In fairness, Twitter's 140 character limit does not help in providing context and Paul hinted that he now has a treasure trove of 4-5 weeks worth of material to disseminate. Be that as it may - I am reflecting the impression given by the Twitterverse. The cynic in me wonders the extent to which the social anything consulting Twitterers are self promoting. I hope the other 48,000 people at Lotusphere will see things differently.
Next we hear that Salesforce.com is buying up spots at the upcoming SuperBowl. Why? According to Denis Prombiant:
In the ads Salesforce will provide a real-life demonstration of Chatter being used to coordinate the creative activities of a swarm of people in San Francisco, Los Angeles and who knows where else to produce the ads. At their heart, the paired ads will be a use story, working on the Super Bowl project, with the Super Bowl half time entertainers to boot. Understand one more thing — this is to promote the freemium Chatter product.
I still don't get it. Does Salesforce.com truly believe that ads taken out for Super Bowl are going to drive Chatter adoption? Who among the audience are they trying to reach? Even if that same audience is sucked in won't they just as quickly wonder about the limitations of the Chatter freebie? But then there is a certain logic to this.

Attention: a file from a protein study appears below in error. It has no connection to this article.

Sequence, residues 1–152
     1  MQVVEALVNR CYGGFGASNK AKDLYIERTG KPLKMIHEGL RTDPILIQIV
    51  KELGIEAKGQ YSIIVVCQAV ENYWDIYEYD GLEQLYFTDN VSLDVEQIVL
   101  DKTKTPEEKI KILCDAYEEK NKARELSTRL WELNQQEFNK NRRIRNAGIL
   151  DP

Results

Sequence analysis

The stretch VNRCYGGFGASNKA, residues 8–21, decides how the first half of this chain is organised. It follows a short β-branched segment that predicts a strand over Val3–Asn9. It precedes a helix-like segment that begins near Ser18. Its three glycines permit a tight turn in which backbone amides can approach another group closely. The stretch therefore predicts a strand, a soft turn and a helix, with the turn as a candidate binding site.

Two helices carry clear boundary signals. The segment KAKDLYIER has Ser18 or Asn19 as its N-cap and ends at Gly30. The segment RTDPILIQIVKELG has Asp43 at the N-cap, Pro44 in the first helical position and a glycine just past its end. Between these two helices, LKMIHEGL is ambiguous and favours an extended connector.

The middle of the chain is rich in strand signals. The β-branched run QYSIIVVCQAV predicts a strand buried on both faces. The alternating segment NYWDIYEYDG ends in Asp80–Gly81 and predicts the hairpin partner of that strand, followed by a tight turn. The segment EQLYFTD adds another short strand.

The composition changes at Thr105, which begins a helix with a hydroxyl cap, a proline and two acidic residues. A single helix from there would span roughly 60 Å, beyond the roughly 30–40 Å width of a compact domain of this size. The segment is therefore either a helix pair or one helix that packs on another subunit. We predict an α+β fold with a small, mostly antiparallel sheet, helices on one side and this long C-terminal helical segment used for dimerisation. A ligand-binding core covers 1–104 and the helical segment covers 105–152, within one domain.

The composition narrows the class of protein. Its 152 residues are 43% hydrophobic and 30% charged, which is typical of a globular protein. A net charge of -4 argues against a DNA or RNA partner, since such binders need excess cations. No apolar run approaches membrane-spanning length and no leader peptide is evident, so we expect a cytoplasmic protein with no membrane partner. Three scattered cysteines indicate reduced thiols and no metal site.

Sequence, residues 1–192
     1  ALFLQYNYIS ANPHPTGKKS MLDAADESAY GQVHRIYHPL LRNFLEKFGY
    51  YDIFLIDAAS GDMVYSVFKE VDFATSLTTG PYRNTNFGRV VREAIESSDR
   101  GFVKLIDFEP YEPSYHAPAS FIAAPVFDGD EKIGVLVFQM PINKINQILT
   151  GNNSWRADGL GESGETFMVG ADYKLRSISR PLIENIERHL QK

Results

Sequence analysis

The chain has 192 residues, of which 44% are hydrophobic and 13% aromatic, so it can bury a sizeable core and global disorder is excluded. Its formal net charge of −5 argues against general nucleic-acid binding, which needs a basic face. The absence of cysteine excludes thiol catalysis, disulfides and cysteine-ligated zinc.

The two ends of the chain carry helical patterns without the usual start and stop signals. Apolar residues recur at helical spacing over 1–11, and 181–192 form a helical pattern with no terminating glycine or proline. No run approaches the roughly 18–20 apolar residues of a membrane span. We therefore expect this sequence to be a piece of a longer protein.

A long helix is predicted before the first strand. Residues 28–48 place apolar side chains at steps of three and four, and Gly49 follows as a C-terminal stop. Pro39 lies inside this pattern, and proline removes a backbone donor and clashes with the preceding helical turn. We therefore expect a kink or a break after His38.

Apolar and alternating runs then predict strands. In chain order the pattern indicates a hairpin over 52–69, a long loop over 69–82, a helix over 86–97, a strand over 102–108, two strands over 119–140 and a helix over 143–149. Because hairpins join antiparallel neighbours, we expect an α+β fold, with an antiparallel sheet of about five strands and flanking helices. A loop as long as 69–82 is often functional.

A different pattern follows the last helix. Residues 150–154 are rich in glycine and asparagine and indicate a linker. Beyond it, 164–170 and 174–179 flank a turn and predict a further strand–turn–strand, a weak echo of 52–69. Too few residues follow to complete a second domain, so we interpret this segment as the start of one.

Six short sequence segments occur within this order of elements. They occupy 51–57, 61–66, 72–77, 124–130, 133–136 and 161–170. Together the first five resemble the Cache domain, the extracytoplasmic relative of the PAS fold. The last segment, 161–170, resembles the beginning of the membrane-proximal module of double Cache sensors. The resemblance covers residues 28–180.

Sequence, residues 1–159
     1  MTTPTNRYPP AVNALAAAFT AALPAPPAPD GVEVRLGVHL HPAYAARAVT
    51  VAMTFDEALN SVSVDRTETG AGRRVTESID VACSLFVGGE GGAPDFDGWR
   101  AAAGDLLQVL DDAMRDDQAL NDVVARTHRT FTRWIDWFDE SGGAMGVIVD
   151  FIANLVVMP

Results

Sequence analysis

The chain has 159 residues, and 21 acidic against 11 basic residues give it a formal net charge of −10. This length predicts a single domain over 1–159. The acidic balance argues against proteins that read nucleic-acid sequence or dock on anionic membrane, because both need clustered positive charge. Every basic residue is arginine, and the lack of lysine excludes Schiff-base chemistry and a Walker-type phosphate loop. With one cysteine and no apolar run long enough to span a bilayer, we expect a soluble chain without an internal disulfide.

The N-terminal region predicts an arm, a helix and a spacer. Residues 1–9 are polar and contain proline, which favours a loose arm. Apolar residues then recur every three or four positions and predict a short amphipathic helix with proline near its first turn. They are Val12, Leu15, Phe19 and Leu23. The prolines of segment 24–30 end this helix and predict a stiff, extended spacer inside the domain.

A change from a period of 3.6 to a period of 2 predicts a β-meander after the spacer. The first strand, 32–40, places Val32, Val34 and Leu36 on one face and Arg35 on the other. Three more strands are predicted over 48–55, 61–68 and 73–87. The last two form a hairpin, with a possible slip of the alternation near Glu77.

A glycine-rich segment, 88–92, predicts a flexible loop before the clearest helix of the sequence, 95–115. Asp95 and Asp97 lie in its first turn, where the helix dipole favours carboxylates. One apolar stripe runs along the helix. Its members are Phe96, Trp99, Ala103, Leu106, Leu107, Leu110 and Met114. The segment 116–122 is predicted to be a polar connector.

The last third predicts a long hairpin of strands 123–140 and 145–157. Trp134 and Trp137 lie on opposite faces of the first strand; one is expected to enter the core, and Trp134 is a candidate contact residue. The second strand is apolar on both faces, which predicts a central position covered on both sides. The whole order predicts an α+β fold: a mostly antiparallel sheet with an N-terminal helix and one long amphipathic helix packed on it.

Regular readers will know that for this correspondent, the last Dreamforce was way too heavy on a heady mixture of celebrity and what felt like a revival meeting and far too light on meaningful innovation. In one sense what we are seeing is a continuance of the celebrity driven thinking behind Salesforce.com.
I feel that user conferences have lost their way. They seem to have become an excuse for holding a great party that majors on maximum froth and minimal content. That has to be worrying. While we may enjoy everything that Hollywood has to offer in the end it is fantasy, an unreal world that's out of reach for all but a very few. Yet enterprise software arguably impacts everyone. Do we need to treat it in such trivial terms? I don't think so. Consider this:
Late yesterday evening I had a conversation with Dr Vishal Sikka, executive board member SAP. He started the conversation: "I saw something unbelievable today. A proof of concept of All-in-One running in memory. I'm absolutely convinced there is a new reality facing us."